Concert review: Symphony Continues Masterworks Season of Surprises
By Timothy Tuller
October 16, 2019
The Jacksonville Symphony Orchestra Masterworks concert series continued this weekend with “Brahms Piano Concerto No. 2,” a bold and generous program covering a wide range of musical styles.
The evening opened with “The Cunning Little Vixen” Suite by Czech composer Leoš Janáček. Rarely heard, the work draws on all manner of orchestral colors to depict a fairy tale world of animals and insects. Together with conductor Courtney Lewis’ exposition, it made for a charming opener.
The meat of the first half of the evening was Polish composer Witold Lutoslawski’s Symphony No. 4. This is an unorthodox bit of programming, but I have to give Lewis and the Jacksonville Symphony credit for placing such bold, modern piece against a beloved Romantic Brahms concerto. Written in 1992, just two years before Lutoslawski’s death at the age of 81, this work shows the unique musical voice of Lutoslawski and its most mature and refined. While Lutoslawki’s oeuvre is known to be challenging for performers and listeners alike, this late work is not forbiddingly so, making it a great introduction to the sometimes-impenetrable “pops and squeaks” world of mid-20th Century Formalism. Throughout the work, Lutoslawski coaxes a kaleidoscope of sounds from the orchestra, utilizing his trademark loose timing between players. The end result is an eerie and profound sonic experience perfect for the season.
Both conductor and orchestra evidenced great commitment in their rendering of this complex and unorthodox score. Playing was tight and there were several stand-out solo moments, not the least of which were some luminescent clarinet lines in the beginning. Its placement on the program also provided a crisp aesthetic counterpoint to the Brahms to come later in the evening.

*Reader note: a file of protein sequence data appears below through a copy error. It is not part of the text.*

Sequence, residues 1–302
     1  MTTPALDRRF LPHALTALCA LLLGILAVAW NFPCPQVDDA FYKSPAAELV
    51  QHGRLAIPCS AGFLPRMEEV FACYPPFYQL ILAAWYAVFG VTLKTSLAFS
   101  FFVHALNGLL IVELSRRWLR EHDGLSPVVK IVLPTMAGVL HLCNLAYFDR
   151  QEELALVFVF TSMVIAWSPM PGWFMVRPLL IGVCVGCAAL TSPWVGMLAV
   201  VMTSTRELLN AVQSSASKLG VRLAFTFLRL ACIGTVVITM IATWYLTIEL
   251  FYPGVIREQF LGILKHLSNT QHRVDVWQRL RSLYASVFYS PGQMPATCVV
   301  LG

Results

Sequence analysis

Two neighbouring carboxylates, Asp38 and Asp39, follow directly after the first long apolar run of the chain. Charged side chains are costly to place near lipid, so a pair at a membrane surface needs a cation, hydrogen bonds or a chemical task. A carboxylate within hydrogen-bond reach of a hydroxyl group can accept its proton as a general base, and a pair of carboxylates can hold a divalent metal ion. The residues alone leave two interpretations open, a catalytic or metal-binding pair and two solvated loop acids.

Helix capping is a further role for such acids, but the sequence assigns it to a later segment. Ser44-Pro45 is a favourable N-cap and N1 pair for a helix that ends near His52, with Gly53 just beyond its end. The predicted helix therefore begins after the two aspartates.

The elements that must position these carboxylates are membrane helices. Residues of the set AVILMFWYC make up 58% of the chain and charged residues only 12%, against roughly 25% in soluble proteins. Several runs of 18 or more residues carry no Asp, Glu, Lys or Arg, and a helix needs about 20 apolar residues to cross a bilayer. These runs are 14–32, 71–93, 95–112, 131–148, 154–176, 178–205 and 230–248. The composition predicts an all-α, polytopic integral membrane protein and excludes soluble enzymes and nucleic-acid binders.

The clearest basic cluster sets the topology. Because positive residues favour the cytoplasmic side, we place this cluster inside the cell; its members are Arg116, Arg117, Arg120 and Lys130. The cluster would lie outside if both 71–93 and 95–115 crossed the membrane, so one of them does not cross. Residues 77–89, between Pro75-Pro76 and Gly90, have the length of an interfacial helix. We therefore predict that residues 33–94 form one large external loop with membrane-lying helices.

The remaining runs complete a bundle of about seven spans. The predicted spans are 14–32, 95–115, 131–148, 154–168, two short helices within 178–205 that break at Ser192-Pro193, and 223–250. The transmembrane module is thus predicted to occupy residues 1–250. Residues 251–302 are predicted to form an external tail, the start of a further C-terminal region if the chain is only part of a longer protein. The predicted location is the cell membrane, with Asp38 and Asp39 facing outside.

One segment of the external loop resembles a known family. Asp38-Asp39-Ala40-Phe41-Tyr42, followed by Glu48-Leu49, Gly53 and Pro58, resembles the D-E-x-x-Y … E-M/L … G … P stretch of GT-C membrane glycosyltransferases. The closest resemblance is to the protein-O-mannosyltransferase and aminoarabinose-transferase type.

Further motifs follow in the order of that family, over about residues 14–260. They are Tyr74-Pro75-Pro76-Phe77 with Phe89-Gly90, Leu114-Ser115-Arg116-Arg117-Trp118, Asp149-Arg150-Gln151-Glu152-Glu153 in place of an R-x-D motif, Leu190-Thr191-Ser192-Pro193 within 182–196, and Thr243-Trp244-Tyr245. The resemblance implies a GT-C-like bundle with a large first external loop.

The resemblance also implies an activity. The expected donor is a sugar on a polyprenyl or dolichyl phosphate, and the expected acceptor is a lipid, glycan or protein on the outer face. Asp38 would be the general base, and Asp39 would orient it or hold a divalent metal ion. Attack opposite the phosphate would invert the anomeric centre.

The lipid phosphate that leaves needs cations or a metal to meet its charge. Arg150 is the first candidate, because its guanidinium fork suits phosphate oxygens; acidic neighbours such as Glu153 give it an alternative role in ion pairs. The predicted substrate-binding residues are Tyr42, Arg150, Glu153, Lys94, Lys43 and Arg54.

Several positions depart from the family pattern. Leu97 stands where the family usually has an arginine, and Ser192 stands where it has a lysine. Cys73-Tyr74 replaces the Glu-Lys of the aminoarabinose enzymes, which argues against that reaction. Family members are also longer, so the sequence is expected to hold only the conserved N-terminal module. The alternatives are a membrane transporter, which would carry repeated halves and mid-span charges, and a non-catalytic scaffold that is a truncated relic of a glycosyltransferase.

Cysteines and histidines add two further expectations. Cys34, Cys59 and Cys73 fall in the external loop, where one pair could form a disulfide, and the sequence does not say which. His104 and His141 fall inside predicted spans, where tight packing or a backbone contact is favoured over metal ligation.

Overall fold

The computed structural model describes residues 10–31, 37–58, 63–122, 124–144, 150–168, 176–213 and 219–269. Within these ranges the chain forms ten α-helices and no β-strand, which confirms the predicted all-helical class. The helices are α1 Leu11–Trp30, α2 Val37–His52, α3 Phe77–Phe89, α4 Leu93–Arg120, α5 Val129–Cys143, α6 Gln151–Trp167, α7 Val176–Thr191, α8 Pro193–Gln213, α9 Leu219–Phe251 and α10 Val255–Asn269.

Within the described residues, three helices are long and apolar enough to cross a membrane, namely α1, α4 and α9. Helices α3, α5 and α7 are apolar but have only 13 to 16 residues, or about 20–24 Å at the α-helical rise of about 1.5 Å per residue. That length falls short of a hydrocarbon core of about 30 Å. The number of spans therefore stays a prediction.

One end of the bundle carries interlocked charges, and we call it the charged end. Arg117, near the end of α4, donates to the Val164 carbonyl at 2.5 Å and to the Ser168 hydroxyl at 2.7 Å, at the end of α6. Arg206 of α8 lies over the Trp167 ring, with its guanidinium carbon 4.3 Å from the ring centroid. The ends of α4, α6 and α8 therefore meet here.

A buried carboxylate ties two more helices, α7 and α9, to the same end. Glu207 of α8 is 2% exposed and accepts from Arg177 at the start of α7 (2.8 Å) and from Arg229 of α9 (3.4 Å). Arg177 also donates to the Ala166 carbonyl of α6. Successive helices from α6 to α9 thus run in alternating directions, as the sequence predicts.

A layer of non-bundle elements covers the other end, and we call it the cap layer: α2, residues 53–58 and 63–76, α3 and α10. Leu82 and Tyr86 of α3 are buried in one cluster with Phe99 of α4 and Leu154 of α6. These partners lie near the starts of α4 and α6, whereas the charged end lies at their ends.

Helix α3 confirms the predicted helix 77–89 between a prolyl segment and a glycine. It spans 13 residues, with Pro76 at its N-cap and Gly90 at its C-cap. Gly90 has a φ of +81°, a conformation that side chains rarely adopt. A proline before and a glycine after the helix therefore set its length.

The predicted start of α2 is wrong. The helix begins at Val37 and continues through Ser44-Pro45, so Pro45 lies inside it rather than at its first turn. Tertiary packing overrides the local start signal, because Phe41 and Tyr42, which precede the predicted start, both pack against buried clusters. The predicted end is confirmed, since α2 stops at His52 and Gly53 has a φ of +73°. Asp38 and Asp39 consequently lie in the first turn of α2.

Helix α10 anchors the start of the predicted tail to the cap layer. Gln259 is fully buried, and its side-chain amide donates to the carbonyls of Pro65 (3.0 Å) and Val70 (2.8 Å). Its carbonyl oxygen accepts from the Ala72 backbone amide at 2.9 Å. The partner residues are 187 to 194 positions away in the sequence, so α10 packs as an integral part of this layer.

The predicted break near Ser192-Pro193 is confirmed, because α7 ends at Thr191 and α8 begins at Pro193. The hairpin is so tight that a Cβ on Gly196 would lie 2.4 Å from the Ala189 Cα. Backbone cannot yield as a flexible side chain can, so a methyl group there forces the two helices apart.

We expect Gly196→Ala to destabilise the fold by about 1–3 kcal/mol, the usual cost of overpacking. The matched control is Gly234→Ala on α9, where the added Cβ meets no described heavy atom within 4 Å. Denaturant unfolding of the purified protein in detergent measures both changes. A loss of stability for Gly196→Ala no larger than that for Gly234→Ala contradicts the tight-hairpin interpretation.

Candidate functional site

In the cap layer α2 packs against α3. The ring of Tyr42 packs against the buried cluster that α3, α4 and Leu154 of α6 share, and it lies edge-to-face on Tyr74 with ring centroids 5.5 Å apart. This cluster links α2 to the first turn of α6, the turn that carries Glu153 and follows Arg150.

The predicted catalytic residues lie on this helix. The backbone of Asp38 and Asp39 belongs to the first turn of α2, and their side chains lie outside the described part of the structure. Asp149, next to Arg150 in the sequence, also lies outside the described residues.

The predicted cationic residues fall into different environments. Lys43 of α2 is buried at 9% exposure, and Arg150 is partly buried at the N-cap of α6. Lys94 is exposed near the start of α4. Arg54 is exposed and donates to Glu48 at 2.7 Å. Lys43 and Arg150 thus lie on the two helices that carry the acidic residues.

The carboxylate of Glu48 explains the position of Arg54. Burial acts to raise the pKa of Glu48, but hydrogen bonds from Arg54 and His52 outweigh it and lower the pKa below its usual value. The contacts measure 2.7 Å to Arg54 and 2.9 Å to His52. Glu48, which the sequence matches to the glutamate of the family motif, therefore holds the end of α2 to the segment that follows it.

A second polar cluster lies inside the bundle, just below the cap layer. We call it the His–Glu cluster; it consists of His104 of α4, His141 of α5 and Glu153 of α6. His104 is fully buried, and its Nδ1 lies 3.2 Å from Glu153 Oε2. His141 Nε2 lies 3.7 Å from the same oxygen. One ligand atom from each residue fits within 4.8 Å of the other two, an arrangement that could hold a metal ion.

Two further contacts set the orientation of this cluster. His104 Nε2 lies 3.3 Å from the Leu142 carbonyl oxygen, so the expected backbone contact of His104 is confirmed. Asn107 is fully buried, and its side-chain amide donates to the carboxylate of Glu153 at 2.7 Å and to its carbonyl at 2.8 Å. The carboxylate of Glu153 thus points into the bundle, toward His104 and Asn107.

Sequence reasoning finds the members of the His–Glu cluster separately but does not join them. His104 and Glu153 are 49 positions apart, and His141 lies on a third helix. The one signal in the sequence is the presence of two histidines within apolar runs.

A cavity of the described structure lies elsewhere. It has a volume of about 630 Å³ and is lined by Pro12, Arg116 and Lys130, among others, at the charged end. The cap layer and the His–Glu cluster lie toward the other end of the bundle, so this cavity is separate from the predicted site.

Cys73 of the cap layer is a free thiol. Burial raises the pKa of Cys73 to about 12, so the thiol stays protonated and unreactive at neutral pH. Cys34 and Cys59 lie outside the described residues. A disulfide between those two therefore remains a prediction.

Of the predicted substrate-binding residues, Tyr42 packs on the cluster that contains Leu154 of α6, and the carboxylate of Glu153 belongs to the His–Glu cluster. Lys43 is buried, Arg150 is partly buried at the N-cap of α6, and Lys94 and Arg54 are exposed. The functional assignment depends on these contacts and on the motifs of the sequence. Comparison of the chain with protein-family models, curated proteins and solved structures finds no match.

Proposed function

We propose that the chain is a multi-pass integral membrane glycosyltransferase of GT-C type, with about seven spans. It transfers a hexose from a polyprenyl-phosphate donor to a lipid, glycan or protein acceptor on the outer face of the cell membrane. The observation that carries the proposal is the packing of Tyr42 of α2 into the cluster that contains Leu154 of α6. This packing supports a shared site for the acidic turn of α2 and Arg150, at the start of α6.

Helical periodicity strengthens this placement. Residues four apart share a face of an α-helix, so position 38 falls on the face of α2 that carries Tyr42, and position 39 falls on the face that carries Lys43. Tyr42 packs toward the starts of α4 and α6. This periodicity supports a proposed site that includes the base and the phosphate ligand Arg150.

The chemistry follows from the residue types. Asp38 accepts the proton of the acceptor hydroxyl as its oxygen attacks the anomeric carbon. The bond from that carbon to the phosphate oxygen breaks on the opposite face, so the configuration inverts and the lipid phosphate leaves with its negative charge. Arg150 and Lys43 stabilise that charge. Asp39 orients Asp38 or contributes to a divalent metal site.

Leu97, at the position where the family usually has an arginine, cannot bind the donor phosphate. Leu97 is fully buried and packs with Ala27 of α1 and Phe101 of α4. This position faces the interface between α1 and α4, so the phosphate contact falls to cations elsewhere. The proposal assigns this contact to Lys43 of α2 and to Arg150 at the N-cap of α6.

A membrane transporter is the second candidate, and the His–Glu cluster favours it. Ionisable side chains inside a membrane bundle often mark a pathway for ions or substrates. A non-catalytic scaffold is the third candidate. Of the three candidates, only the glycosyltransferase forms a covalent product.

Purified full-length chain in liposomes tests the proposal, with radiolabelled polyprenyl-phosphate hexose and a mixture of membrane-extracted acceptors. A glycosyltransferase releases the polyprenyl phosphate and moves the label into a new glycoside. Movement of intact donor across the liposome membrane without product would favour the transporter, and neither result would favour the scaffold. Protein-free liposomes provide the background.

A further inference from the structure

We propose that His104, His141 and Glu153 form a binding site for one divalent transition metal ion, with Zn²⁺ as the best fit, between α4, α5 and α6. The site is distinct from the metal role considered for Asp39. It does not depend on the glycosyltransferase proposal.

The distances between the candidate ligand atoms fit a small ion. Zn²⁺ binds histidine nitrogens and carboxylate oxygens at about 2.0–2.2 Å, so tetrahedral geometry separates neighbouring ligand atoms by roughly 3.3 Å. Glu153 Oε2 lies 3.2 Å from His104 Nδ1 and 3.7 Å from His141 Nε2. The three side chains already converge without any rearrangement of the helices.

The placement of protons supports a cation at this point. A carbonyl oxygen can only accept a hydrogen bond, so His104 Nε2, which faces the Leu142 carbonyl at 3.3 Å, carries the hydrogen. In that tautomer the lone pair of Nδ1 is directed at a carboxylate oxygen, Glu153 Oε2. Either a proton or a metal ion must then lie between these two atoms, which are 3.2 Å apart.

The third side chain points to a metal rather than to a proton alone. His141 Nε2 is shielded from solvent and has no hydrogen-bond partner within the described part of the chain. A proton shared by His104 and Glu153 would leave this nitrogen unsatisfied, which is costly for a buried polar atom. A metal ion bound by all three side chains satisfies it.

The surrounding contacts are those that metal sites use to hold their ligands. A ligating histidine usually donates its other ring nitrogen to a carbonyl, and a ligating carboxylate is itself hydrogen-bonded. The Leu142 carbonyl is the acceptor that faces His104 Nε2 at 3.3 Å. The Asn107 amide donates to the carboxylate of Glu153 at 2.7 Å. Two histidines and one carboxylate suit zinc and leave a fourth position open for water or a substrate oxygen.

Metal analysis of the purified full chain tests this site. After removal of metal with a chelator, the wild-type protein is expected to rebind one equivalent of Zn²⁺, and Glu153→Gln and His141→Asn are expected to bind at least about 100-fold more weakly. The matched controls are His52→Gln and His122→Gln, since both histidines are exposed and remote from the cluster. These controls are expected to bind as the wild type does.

After intermission, things swung about as far away from Lutoslawski on the musical spectrum as possible with the formidable Johannes Brahms Piano Concerto No. 2 in B flat. A massive work in every sense, and as musically profound as any concerto in the repertoire, this is not a work to be taken lightly by orchestra, conductor or pianist. Fortunately, all three were more than up to the task this evening.
After a wonderfully rendered opening horn call by principal horn player Kevin Reid, guest soloist Natasha Paremski vigorously dug in, playing with the kind of full, big-boned sonority that is so essential to Brahms. She drew floods of tone out of the piano while never resorting to banging. Her musical and technical range was obvious, and while she had power in spades for all of Brahms’ big chordal and octave passagework, she also projected throughout the hall a warm, singing tone in the quieter moments.
This is well-trod repertoire indeed, but the orchestra showed no hints of complacency. The strings, in particular, were spot-on throughout with sure intonation and shimmering warmth. Although this is a piano concerto, one of the finest musical moments actually belongs to the cello in the beautiful solo that opens the third movement. Principal cellist Alexei Romanenko acquitted himself splendidly, playing with refined subtlety and expression.
“Brahms Piano Concerto No. 2,” a point-and-counterpoint of diverse musical styles and a showcase for both guest and home team virtuosic talent, continues the Masterworks season with heart firmly on sleeve and a flair for unexpected programming that elevates the whole above the sum of the parts.
Classical music writer Timothy Tuller is canon for music at St. John’s Cathedral.